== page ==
Can You Really Change Someone's Mind?

Science Features Psychology
Share Tweet Submit Pin
Can You Really Change Someone's Mind?

Stop me if you’ve heard this one before. You’re on Facebook catching up with your friends’ status updates about their kids, jobs, lives, etc. when you see a post that’s full of shit. It could be an anti-vaccination meme, a rant about how the Democrats are going to repeal the Second Amendment or a conspiracy theory involving the Catholic Church and the Antichrist. You try your best to reason with your friend and explain why they’re wrong. You might even share a link from either Snopes or PolitiFact. What do you get in return? “Fake news! That’s what they want you to think! The mainstream media doesn’t have the guts to print the truth!” You then decide to just leave the conversation or else you’ll end up being that person who stays up all night because someone is wrong on the Internet.

Welcome to our Post-Truth World, where the facts don’t matter and the truth is what you feel is true. It’s nothing new, of course; we all have that one right-winged uncle who gets all his news from Fox News and World Net Daily. However, with all the propaganda that fueled both Brexit and the 2016 U.S. presidential election, it’s no wonder the Oxford Dictionary declared “post-truth” to be the Word of the Year in 2016. Can anything be done about it, though? Well, according to science, it’s hard but not impossible.

First, let’s get the bad news out of the way: facts alone cannot change minds. This is something social psychologist Leon Festinger found out in the mid-1905s after doing a study on self-proclaimed prophet Dorothy Martin who convinced her cult followers aliens would save them all from the upcoming apocalypse. Whenever her predictions didn’t come true, she kept tweaking her prophecies like Harold Camping, and her followers never stopped believing her. Festinger and his colleagues Henry Riecken, and Stanley Schacter wrote about their study in the 1955 book When Prophecy Fails, which laid the groundwork for Festinger’s theory of cognitive dissonance. The book’s opening paragraph perfectly sums up why cognitive dissonance makes it hard to change minds: “A man with a conviction is a hard man to change. Tell him you disagree and he turns away. Show him facts or figures and he questions your sources. Appeal to logic and he fails to see your point.”

The sad part is it’s not just your racist Republican uncle or religious cult members that are prone to cognitive dissonance; everyone’s guilty of confirmation bias. In a 2016 draft paper, three social scientists took a look at various Facebook pages—both science and conspiracy theory pages—and examined how users reacted with the content of each page throughout a five-year span. The results were that within both types of group, users automatically accepted false information as long as it confirmed their personal narratives, therefore creating echo chambers. “For both scientific information and conspiracy theories,” the study continues, “the more active a user is within an echo chamber, the more that user will interact with others with similar beliefs.” In other words, even so-called skeptics can be wrong.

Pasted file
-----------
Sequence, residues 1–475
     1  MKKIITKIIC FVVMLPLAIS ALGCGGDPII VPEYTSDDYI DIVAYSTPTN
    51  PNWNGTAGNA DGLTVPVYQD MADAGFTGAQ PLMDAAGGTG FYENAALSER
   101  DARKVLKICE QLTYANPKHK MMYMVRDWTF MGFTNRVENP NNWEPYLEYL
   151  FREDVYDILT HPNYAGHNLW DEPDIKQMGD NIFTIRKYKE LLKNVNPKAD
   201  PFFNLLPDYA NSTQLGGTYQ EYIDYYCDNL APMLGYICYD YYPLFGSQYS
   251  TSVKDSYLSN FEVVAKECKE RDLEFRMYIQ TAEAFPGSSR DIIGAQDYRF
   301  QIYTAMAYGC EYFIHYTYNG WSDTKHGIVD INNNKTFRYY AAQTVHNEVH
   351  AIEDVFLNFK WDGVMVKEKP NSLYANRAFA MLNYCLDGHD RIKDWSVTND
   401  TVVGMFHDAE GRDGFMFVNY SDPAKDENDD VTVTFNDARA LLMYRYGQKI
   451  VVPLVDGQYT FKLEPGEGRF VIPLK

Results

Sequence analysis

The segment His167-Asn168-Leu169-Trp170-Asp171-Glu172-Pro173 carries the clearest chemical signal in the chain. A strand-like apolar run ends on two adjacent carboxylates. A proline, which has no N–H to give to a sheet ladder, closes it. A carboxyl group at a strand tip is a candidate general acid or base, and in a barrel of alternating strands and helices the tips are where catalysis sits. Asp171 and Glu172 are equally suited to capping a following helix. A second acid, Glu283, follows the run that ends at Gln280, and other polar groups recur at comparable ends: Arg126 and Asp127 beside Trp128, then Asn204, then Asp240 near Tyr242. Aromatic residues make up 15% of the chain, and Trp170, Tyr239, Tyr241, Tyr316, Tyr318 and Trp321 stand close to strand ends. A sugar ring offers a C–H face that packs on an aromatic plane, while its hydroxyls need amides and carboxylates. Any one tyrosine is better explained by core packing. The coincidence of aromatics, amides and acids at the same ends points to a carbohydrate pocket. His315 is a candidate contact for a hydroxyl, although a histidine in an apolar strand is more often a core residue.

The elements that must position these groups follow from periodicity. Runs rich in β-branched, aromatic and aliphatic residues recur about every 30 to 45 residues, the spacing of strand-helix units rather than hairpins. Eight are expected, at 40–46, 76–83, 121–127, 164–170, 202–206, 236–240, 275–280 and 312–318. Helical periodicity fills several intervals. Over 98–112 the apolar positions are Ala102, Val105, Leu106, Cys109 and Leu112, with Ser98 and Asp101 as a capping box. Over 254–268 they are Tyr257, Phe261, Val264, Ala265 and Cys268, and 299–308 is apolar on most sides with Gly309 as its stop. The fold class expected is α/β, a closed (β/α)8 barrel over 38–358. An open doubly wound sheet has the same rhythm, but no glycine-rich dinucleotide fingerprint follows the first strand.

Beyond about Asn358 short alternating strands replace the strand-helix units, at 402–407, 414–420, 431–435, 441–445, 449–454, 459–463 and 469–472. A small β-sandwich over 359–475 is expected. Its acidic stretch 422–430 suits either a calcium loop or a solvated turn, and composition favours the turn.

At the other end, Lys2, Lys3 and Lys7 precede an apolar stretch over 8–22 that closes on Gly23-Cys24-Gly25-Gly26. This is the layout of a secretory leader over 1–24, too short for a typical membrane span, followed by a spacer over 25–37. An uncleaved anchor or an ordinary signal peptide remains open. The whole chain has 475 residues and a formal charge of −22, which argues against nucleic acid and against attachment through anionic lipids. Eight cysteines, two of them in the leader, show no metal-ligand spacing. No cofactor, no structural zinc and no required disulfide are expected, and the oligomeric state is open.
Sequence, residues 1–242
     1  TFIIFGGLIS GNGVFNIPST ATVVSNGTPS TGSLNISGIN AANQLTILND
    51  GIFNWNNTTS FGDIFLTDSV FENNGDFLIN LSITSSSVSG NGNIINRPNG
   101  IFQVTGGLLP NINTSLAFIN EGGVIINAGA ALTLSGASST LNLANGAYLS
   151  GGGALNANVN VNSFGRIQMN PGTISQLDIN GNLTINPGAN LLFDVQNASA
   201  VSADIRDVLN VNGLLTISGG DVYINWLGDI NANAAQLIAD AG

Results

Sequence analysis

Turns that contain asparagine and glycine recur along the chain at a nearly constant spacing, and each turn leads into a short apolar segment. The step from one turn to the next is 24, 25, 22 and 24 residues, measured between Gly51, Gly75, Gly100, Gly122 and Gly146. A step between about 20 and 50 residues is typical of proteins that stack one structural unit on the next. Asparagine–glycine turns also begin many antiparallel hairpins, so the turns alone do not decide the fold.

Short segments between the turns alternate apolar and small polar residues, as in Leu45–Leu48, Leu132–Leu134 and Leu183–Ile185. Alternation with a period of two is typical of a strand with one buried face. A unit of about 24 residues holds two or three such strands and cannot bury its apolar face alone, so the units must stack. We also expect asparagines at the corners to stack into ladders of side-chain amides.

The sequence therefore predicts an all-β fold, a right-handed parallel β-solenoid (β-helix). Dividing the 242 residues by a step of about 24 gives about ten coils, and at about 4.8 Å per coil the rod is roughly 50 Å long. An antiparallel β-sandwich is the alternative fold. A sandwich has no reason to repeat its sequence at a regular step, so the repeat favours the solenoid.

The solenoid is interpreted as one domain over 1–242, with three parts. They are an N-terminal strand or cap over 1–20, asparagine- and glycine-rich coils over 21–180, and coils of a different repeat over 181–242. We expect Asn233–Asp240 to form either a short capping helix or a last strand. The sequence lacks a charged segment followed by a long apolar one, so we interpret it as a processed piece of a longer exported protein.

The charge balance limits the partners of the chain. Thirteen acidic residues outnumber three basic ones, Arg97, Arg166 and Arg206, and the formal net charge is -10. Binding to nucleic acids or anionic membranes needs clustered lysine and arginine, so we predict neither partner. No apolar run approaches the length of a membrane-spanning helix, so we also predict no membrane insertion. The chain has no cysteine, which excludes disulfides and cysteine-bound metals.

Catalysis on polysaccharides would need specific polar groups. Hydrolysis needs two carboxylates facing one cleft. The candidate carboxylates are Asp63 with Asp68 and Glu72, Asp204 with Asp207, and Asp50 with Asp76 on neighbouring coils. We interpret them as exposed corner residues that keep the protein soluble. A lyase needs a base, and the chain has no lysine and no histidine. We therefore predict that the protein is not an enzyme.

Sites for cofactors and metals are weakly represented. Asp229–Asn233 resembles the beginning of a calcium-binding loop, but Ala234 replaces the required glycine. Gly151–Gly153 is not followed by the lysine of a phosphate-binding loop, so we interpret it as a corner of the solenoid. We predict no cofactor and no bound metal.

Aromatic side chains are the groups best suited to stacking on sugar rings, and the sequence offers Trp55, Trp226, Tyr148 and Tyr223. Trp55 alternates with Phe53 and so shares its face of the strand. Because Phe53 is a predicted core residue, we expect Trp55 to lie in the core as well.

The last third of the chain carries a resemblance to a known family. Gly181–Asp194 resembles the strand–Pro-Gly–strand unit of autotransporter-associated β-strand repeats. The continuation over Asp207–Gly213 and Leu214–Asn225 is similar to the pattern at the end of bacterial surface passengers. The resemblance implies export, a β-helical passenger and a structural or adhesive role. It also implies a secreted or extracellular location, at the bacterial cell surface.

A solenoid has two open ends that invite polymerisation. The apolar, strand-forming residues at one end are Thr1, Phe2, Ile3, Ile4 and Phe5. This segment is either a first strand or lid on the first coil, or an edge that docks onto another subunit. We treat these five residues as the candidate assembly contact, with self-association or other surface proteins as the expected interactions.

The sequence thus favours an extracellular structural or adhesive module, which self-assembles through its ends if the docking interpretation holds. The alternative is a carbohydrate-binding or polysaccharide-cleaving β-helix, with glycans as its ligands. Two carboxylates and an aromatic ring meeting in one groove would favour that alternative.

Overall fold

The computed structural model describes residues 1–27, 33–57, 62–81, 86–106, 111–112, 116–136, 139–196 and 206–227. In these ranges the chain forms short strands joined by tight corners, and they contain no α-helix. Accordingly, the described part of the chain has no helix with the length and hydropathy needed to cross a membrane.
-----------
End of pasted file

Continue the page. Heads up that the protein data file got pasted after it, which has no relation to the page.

Now that the bad news is out of the way, it’s time for some good news. Researchers from Cornell University recently looked at the Reddit forum /r/ChangeMyView (CMV) to see what kind of arguments changed minds the most. The way CMV works is you post your opinion about a controversial subject, explain why you believe it, and then other members explain the other side to the issue. What the researchers found was that the most persuasive arguments involved a particular communication style. For example, calm words like “dull” were more persuasive than emotional words like “terrorist,” longer responses were preferred over one-liners, and using different words than the original post were more influential.

One man who’s using the science of persuasive communication to change minds is Dr. Gleb Tsipursky of the Pro-Truth Pledge. He recently wrote about how to combat our post-truth society using rational politics in Psychology Today and gave an example of how to effectively change people’s mind. Shortly after the Ohio State terrorist attack this past November, Tsipursky went on conservative talk-radio host Scott Sloan’s show to debate whether or not profiling Muslims is the solution to terrorism. “As we began talking,” Tsipursky writes, “I validated the host’s emotions, saying it was natural and intuitive to feel anger and fear toward Muslims, as our brains naturally take shortcuts by stereotyping groups based on the actions of one member of the group. However, such stereotyping often does not serve our actual goals and values.” He then went on to break down the numbers of radical Islamic terrorists compared to the number of general Muslims, and how a Muslim registry would only radicalize more Muslims, leaving the U.S. more vulnerable to terrorist attacks. “In the end,” Tsipursky writes, “Sloan agreed with my points and updated his views on Muslims—not because he felt like being nice and generous and kind toward Muslims, but because he valued his security and safety.”

These techniques might not work for everyone, but they are certainly a start, so keep these in mind the next time your friend from high school claims Stanley Kubrick filmed the fake moon landing.


Trav Mamone is a queer trans blogger who writes about the intersections of social justice and secular humanism at Bi Any Means. They also host the Bi Any Means Podcast and co-host the Biskeptical Podcast.

Also in Science